The New Haven Board of Alders passed a new ban on tobacco use in many public areas to mitigate the health risks of tobacco products, specifically for children.

The ordinance, passed on Monday, targets tobacco use in areas frequented by young people and prohibits use in government buildings, playgrounds, sports fields, public schools and Lighthouse Point Park. Tobacco use encompasses smoking, chewing tobacco and using electronic delivery systems. The ban will be effective immediately, but penalties will only be issued after a 90-day grace period. First-time offenders will receive a warning, but after the first infraction, police may fine offenders up to $100.

“Tobacco use in and around City facilities … creates the contradictory message of young people and adults being encouraged to engage in healthy activities and lifestyles, while at the same time being exposed to those using tobacco products,” the ordinance reads.

In order to facilitate the transition to the new policy, areas subject to the ban will be marked with signs stating that they are “Tobacco-Free Zones.” Other signs will mark city-designated smoking areas.

This ordinance grew out of the city’s recent efforts to combat the health risks of smoking through the New Haven Smokeout initiative, which aims to make the city smoke-free by June 2016, the end of this fiscal year. In February, Community Services Administrator Martha Okafor said a task force would be drafting legislation to ban smoking in parks and schools, and this ordinance is the result of that effort.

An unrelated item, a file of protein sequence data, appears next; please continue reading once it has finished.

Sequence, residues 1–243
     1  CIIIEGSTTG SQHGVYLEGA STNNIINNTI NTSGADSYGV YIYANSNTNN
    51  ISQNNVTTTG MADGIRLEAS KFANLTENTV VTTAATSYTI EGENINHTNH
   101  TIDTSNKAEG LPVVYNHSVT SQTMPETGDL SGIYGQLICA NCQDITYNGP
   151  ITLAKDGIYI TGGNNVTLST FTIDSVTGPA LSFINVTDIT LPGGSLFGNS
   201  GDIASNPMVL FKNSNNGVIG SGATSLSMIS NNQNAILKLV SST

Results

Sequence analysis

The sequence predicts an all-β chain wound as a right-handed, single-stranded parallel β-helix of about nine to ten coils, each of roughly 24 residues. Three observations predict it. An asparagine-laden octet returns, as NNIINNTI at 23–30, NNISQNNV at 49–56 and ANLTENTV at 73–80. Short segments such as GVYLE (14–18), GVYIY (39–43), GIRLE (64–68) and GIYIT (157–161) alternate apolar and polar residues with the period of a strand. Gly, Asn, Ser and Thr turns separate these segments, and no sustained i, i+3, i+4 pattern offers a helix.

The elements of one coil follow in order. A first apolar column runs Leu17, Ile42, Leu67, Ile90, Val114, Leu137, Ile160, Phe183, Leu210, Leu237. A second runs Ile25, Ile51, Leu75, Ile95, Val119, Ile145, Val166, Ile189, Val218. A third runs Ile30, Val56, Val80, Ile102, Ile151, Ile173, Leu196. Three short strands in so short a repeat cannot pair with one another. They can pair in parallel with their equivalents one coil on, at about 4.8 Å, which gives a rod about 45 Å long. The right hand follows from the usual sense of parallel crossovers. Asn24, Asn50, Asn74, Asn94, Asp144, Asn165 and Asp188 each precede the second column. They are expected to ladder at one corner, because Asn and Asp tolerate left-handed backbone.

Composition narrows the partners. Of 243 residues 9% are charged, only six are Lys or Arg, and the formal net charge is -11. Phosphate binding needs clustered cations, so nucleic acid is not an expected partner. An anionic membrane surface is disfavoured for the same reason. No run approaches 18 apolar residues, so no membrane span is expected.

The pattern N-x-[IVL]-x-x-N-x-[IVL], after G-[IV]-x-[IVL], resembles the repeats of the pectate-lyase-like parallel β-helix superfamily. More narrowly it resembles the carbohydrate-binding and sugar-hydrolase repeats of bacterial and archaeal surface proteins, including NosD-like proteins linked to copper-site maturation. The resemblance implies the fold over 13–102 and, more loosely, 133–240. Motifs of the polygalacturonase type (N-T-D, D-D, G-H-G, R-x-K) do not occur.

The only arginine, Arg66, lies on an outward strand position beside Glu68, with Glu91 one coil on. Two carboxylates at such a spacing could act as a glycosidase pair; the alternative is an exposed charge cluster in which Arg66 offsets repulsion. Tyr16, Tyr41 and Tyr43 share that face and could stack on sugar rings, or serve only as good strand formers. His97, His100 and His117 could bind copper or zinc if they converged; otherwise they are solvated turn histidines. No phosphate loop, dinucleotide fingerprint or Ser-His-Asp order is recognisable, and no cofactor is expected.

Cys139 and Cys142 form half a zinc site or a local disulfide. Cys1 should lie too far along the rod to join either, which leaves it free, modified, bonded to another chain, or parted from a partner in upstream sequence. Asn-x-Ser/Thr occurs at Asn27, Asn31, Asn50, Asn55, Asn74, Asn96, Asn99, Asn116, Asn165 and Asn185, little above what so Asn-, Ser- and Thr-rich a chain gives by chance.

An earlier version of the ordinance had a wider scope, banning the use of tobacco in a variety of unspecified city-owned properties. But at the April 27 meeting of the Legislation Committee of the Board of Alders, the ban was amended to be limited to areas frequented by children.

Additional amendments included expanding pre-existing laws to ban e-cigarettes within government buildings, limiting the punishment for a first-time offense and giving the city the power to designate smoking areas within properties subject to the ban. The amended version of the ordinance passed the Legislation Committee unanimously in April.

Earlier this month, Sen. Richard Blumenthal LAW ’73 expressed his support for the proposed ordinance at a press conference, citing statistics about the health risks associated with tobacco use.

“Children at playgrounds, employees at work and families relaxing at the beach deserve fresh air untainted by toxic smoke and chemicals,” Blumenthal said in a press release.

According to Paul Kowalski SPH ’79, acting director of health at the New Haven Health Department, 1,000 deaths in New Haven in the past 10 years were due to smoking-related causes.